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Financial pressures stretching Lilly

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Eli Lilly and Co. executives are performing their rendition of the 1970s hit “The Rubberband Man.”

But Wall Street isn’t cheering.

In a series of presentations, Lilly executives stretched themselves in four directions at once to convince investors and stock analysts that the company will bend but not break next year, and then snap back stronger than ever in 2015.

However, since Lilly executives started talking Thursday morning, the company’s stock has fallen more than 5 percent to below $48 a share—its lowest since the start of the year.

Lilly brass acknowledged that the Indianapolis-based drugmaker will have a harder-than-expected time meeting a goal of $20 billion in sales next year. That’s because not only will Lilly lose patent protection on its bestseller Cymbalta in December, but it also faces difficulties as the growth of emerging markets has slowed and inflationary policies in Japan have lowered the value of the yen, and therefore of Lilly’s growing sales there.

Chief Financial Officer Derica Rice promised that Lilly would still meet its goals, although it might do so in different ways.

One way Lilly executives have been touting since July is cuts to overhead and research and development expenses. Rice said Lilly’s selling, general and administrative expenses declined $400 million last year and will fall another $300 million to $500 million this year.

“R&D spending will decline in 2014 as the number of Phase 3 assets declines from 13 to eight,” Rice said. Even after 2014, he added, Lilly expects R&D spending to grow slower than revenue, as the company tries to do a better job of advancing only the most promising drugs into the large-scale Phase 3 trials that determine if a drug reaches the market.

But in the next breath, Lilly executives promised they wouldn’t cut R&D too much, for fear of repeating the mistake the company made in 2001, when it lost patent protection on its then-bestseller, Prozac. Lilly cut back on R&D spending then, which contributed to a drought of new drugs the company has suffered since 2005.

“I’m confident we’ll not see another large gap like the one in our rearview mirror,” Rice said.

For the past decade, Lilly executives have been touting the company’s pipeline as the thing that would save the company from a loss of revenue during these lean years. Lilly ramped up the number of drugs in human testing from about 10 a decade ago to roughly 60 now.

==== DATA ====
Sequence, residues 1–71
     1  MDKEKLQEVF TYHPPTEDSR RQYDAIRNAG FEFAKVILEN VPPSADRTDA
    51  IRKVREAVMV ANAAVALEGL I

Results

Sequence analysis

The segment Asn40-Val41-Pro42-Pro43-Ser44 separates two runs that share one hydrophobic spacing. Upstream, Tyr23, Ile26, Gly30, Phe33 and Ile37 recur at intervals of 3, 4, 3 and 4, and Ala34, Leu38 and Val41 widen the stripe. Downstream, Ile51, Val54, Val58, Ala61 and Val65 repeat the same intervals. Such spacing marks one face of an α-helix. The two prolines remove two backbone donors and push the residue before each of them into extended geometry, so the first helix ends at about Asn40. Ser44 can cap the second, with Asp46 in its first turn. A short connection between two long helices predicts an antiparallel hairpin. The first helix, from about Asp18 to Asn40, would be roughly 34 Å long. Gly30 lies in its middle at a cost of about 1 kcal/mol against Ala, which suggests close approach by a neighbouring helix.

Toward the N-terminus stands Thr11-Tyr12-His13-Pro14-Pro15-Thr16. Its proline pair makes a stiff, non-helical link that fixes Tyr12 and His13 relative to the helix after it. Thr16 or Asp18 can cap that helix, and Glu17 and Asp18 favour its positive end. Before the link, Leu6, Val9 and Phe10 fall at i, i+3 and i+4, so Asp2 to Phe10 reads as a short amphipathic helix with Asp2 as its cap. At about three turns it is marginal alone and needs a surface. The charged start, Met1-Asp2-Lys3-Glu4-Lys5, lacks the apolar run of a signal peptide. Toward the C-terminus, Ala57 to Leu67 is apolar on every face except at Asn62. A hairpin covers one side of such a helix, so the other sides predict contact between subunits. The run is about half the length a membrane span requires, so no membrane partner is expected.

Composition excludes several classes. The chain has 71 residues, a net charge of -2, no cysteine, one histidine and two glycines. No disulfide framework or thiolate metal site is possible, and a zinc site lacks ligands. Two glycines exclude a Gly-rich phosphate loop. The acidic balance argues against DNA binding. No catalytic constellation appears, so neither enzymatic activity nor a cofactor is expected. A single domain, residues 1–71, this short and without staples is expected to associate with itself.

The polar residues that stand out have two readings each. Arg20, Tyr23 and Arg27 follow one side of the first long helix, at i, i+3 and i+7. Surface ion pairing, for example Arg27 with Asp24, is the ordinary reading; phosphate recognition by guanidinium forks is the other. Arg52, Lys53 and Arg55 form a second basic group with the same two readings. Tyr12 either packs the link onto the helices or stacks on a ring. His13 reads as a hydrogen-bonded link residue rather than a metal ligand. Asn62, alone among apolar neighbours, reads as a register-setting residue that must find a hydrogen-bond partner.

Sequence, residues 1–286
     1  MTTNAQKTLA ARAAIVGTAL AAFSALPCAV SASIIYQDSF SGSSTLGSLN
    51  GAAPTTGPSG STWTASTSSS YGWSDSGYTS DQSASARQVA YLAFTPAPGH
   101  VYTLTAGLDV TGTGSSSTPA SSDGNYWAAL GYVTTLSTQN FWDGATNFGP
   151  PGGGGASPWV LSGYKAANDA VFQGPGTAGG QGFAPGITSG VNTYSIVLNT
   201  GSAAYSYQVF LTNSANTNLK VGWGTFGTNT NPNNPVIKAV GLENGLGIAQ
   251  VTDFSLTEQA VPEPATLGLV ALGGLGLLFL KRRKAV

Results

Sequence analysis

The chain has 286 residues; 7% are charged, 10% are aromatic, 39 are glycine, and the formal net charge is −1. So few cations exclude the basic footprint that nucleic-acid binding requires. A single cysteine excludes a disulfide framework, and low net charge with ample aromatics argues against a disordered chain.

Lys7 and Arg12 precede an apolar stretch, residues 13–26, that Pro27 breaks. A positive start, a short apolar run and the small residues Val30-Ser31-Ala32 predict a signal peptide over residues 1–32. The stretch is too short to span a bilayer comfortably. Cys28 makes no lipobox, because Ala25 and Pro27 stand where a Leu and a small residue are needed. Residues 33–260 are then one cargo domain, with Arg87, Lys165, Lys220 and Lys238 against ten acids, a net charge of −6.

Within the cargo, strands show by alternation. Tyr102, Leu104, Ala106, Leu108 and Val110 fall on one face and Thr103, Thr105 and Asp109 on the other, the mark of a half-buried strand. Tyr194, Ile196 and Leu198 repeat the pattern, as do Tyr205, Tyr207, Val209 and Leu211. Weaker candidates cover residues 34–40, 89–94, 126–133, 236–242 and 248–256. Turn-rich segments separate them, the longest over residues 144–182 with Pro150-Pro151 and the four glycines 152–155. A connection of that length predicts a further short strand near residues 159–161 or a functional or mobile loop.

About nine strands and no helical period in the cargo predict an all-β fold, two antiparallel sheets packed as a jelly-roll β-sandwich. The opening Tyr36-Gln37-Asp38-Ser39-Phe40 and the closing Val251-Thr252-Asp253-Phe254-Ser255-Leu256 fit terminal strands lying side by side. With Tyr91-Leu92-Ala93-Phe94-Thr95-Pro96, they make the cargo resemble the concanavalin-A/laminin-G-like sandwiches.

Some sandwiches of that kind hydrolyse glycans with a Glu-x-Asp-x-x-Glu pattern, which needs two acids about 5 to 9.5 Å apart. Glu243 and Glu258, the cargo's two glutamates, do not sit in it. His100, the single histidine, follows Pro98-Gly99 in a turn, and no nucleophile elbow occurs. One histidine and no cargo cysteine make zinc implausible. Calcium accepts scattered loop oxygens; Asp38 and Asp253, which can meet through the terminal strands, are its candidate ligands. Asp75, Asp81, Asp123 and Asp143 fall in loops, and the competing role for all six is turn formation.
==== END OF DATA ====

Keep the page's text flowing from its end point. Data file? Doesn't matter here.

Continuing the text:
But Lilly has suffered a bevy of late-stage failures, leaving it with no drugs with sales potential anywhere close to the $6 billion that Cymbalta will generate this year or the $5 billion a year Zyprexa was producing until its major patents expired in late 2011.

Lilly’s pipeline has certainly had successes—just none that have hit it big in the market. That reality forced Lilly executives Thursday to declare victory based on submissions of drugs to regulators, rather than products on the market.

Lilly has submitted four drugs for market approval this year and analysts expect that some of those, and perhaps all of them, will be approved.

“Today, we’re seeing our strategy bear fruit,” said CEO John Lechleiter.

But that fruit won’t actually bear revenue until well after Cymbalta’s revenue declines precipitously in December when patients switch en masse to cheaper generic versions of the medicine.

That’s why Lilly is talking more than ever about cutting costs. And why investors have cut Lilly’s stock price.

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  • The blame game
    It is true that Lilly had a one-year 3.8% decline in its R&D spending in 2002. But that spending returned to growth in 2003, and has since risen at an average annual rate of 9.4%. So, blaming that one-time decline 11 years ago for the drought of new drugs the company has suffered since 2005 seems bizarre. Since the onset of that drought, Lilly has spent $33 billion in R&D, plus another $7 billion in acquisitions that have never returned a dime. It is also surprising that this excuse only surfaces now, while for years Lilly has kept boasting about its pipeline and how it would bring to market two drugs per year starting in 2013. Rather than blaming ancient history, Lilly's leadership should look instead at its deficit of competence for having turned the second most innovative company in the industry into one of its least productive ones despite robust R&D spending and an R&D organization that is still regarded as one of the most respected in the industry. If Lilly, as is now feared, must go through another round of layoffs, perhaps it should use the opportunity to put some of its leaders at the top of that list. That would be called accountability.

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